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Symon, Keith Randolph

Symon, Keith Randolph

SPRING GREEN / MADISON - Keith Randolph Symon was born in Fort Wayne, Ind., on March 25, 1920, and died peacefully on Dec. 16, 2013, in Spring Green, Wis., surrounded by family members. His parents were Claribel (Crego) and James Jefferson Keith Symon of Terre Haute. He grew up in Terre Haute with younger brothers, Bobby and Bill, and sister, Judy. Keith was an Eagle Scout, later becoming a Scoutmaster and introducing his sons to scouting. In his late teens, he was nationally ranked in youth doubles tennis.

Keith graduated summa cum laude, Phi Beta Kappa, from Harvard in 1942, with a B.A. in philosophy and mathematics. In 1948, he was awarded a Ph.D. in physics.

During World War II, he was an ensign in the U.S. Navy, working on radar in Washington, D.C. He met Mary Louise Reinhardt on a blind date in 1942. They were married in 1943. They had four children, Judith E. Symon Hanson (Jerry Hanson), Keith J. Symon, James R. Symon (Beth Grabowski), and Rowena L. Roske (Russ Roske); 12 grandchildren; and 11 great-grandchildren.

The family moved to Royal Oak, then Walnut Lake in Michigan when Keith taught physics at Wayne State University in Detroit from 1946 to 1955. In 1955, they moved to Madison, where Keith was professor of physics at the University of Wisconsin until his retirement in 1992, when he became emeritus professor. From 1956 to 1967, he was on the staff of the Midwestern Universities Research Association (MURA). In 1982 and 1983, he was acting director of the Madison Academic Computing Center and from 1983 to 1985, and acting director of the UW-Madison Synchrotron Radiation Center. His textbook, Mechanics, has been a staple in physics classes since publication of the first edition in 1953. It has been published in multiple languages and is still in use around the world.

Keith was awarded the Particle Accelerator and Technology Award of the IEEE Nuclear and Plasma Science Society in 2003, and the American Physical Society Robert R. Wilson Prize in 2005. With four colleagues from around the country, he published Innovation Was Not Enough A History of the Midwestern Universities Research Association, in 2010. Keith was an internationally recognized figure in plasma physics and particle accelerator design, developing the FFAG (fixed field alternating gradient) accelerator concept in parallel with physicist colleagues. He contributed to the work at Fermi Lab, Argonne National Laboratory, Brookhaven National Lab, labs in Los Alamos and La Jolla, and did early research for the Hadron collider at CERN in Geneva, Switzerland, where he and the family lived for a year in 1962 and 1963. His work took him to Europe, Japan, China, India, Russia, and Australia. He taught himself useful French, German, Dutch, Russian, and some Chinese.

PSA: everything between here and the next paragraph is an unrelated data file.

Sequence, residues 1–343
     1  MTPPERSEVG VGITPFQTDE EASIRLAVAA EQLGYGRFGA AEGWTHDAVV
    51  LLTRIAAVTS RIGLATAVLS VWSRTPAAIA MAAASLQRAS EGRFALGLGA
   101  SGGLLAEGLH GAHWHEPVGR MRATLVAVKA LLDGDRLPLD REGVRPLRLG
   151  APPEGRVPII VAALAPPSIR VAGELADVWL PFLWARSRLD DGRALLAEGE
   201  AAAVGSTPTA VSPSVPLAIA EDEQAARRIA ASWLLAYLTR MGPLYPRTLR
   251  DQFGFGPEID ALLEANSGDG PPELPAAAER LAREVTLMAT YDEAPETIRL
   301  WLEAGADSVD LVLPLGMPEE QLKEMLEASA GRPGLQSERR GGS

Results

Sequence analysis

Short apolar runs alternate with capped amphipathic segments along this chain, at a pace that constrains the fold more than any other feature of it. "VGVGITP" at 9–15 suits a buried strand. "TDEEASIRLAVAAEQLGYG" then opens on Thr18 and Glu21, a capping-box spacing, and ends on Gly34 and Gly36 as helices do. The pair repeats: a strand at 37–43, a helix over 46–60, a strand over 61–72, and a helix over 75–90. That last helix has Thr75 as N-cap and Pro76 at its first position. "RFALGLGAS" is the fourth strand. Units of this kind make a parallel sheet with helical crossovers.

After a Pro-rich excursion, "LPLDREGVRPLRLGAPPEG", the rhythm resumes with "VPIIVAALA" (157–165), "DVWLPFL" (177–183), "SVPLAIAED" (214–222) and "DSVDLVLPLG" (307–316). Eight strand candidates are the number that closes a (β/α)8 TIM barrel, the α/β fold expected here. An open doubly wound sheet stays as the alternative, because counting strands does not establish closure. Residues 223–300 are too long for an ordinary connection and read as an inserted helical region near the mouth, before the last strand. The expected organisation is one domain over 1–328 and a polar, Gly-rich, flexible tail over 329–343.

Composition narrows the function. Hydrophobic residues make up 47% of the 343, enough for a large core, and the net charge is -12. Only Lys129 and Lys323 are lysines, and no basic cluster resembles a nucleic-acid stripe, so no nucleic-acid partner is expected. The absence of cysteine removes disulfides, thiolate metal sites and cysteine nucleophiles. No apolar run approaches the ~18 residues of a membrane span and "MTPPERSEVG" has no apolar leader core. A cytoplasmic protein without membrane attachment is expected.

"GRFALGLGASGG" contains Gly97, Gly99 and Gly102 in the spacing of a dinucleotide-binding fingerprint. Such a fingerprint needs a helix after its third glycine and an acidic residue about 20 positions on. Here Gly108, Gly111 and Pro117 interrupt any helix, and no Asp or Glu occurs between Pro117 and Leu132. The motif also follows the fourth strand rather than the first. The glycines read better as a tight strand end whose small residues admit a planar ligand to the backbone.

Keith was a charming man, honored and respected by all who knew him. His dry wit kept his family and friends smiling (or groaning at his puns). He frequently entertained them with funny old songs and poems.

Keith and Mary Louise always supported and participated in groups to further peace around the world and at home, equal opportunities for all, and conservation of our natural environment. They enjoyed playing bridge throughout their lives. Keith loved camping, canoeing, sailing, and skiing with family and friends. He was handy at building things, being involved with remodeling and building two houses, small boat building, and building radio and hifi equipment. He loved his retirement activities on the family's rural property in Spring Green.

Keith was preceded in death by his wife, Mary Louise. Survivors include his sister, Judy Sophianopoulos; his children, grandchildren, great-grandchildren, and many cousins, nieces, and nephews.

The family will gather privately this Christmas and there will be a memorial celebration with friends and colleagues in the spring. Memorial donations in his name would be welcomed by organizations supporting his interests and ideals, such as The Nature Conservancy, The Smithsonian Institution, Vets for Peace, Wounded Warrior Project, Friends of the Spring Green Community Library, and The Wonders of Physics.

The family wishes to thank the skilled and sensitive people at Greenway Manor in Spring Green, Wis., for their kind, thoughtful care of Keith during his final years.

Online condolences available at

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